Russian Shipyard To Deliver Critically Needed Arc7 LNG Carriers for Arctic LNG 2

Zvezda Arc7
Arc7 LNG carrier Alexey Kosygin at the Zvezda shipyard. (Source: Zvezda)

Novatek’s Arctic LNG 2 plant has now been sitting idle for nearly six months as Novatek has yet to receive any ice-capable LNG carriers for the project. The first two of five Arc7 vessels under construction at a Russian shipyard could become available later this year and begin LNG exports from the facility.

Russian shipyard Zvezda looks set to throw Novatek’s Arctic LNG 2 project a lifeline later in the year. Novatek is Russia's second-largest natural gas producer.

After sending up to 200 engineers and workers to the Far East facility, the shipyard will be able to complete at least two Arc7 LNG carriers by the end of 2024 and early 2025.

With two ice-capable vessels Novatek will be able to export approximately 2 million tons of liquefied natural gas (LNG) annually, around 30 percent of the first production line’s capacity. During summer and fall it will likely supplement transport capacity with lower ice-class or conventional LNG tankers. 

Novatek could also elect to make use of two floating storage barges (FSUs) already positioned at either end of the route to shorten the distance the Arc7 would have to travel. FSU Saam and Koryak were towed to bays near Murmansk and in Kamchatka last year. With this logistics scheme, experts say, the company may be able to carry close to the design capacity of Train 1 even with just two Arc7 LNG vessels. 

Both FSUs have been sanctioned by the U.S. and as a result remain unused thus far. Novatek can not use the barges to transship product from the thus far unsanctioned Yamal LNG project without risking alienating buyers or triggering secondary sanctions.  

But with Arctic LNG 2 already under restrictions the use of the FSUs appears feasible. Since other elements of the logistics chain are already sanctioned, adding another blocked element in the form of the FSUs has little overall impact on the marketability of the LNG.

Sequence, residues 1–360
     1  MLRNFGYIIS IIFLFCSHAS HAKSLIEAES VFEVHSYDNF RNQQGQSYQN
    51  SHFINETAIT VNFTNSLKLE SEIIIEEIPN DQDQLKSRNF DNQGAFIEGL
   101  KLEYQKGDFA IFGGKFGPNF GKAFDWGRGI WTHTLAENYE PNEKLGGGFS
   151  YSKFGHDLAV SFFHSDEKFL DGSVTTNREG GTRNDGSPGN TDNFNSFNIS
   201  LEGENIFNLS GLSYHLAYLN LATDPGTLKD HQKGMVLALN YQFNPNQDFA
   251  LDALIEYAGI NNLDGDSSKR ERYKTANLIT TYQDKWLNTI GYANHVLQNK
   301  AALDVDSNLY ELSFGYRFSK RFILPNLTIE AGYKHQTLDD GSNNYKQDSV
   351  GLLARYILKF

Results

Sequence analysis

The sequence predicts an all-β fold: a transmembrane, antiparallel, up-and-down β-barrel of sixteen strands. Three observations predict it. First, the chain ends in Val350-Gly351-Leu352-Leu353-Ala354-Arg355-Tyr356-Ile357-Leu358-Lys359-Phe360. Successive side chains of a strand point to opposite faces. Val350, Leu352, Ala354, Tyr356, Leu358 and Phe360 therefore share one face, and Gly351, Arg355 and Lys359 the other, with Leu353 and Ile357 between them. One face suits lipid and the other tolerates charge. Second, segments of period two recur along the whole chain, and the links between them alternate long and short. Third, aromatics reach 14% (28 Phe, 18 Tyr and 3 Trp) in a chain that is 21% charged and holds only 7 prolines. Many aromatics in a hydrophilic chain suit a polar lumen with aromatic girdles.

Receiving two vessels from Zvezda temporarily eases Novatek’s transport challenges following the blocking of vessels at South Korean Hanwha Ocean shipyard. Following U.S. sanctions earlier this year the builder has been unable to transfer three completed vessels to Novatek. A further three destined for Japanese MOL shipping to also service the Arctic LNG 2 project also remain marred by uncertainty. 

Once the facility’s second train becomes operational next year it will have to acquire additional ice-capable vessels to ensure year-round transport capacity.

Zvezda ships Arc7 May 25.
May 25, 2024 satellite image showing five launched Arc7 LNG carriers at the Zvezda yard. (Source:

Zvezda Shipyard is home to three additional Arc7 vessels whose status remains uncertain. French LNG technology firm Gaztransport & Technigaz (GTT) departed from Russia before completing its work on the vessels. Reporting has long suggested that the company had been able to conclude the LNG containment system on two or three vessels.

Novatek also appears bound to make use of a host of conventional LNG carriers to finally begin exporting LNG from its latest project as soon as ice conditions permit. 

Russia’s Northern Sea Route Administration has registered a record-number of permit requests from non-ice class LNG tankers. These vessels will be allowed to navigate the Western reaches of the Northern Sea Route where the Arctic LNG 2 is located, between July 1 and October 31. 

Through the end of May the Administration had issued permits to six conventional LNG tankers and four carriers with light ice-classes. Further vessels will likely follow.

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